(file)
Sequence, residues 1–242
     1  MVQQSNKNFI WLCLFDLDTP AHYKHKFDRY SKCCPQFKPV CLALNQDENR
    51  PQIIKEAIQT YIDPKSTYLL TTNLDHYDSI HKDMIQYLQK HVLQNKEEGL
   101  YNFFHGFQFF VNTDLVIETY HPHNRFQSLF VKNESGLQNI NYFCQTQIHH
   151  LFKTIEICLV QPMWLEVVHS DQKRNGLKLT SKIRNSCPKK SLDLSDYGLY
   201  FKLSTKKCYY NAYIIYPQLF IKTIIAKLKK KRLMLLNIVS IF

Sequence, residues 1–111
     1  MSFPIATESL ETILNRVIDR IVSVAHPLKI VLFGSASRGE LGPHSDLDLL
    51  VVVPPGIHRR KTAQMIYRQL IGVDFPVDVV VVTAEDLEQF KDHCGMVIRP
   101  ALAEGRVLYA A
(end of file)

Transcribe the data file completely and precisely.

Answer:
Sequence, residues 1–242
     1  MVQQSNKNFI WLCLFDLDTP AHYKHKFDRY SKCCPQFKPV CLALNQDENR
    51  PQIIKEAIQT YIDPKSTYLL TTNLDHYDSI HKDMIQYLQK HVLQNKEEGL
   101  YNFFHGFQFF VNTDLVIETY HPHNRFQSLF VKNESGLQNI NYFCQTQIHH
   151  LFKTIEICLV QPMWLEVVHS DQKRNGLKLT SKIRNSCPKK SLDLSDYGLY
   201  FKLSTKKCYY NAYIIYPQLF IKTIIAKLKK KRLMLLNIVS IF

Sequence, residues 1–111
     1  MSFPIATESL ETILNRVIDR IVSVAHPLKI VLFGSASRGE LGPHSDLDLL
    51  VVVPPGIHRR KTAQMIYRQL IGVDFPVDVV VVTAEDLEQF KDHCGMVIRP
   101  ALAEGRVLYA A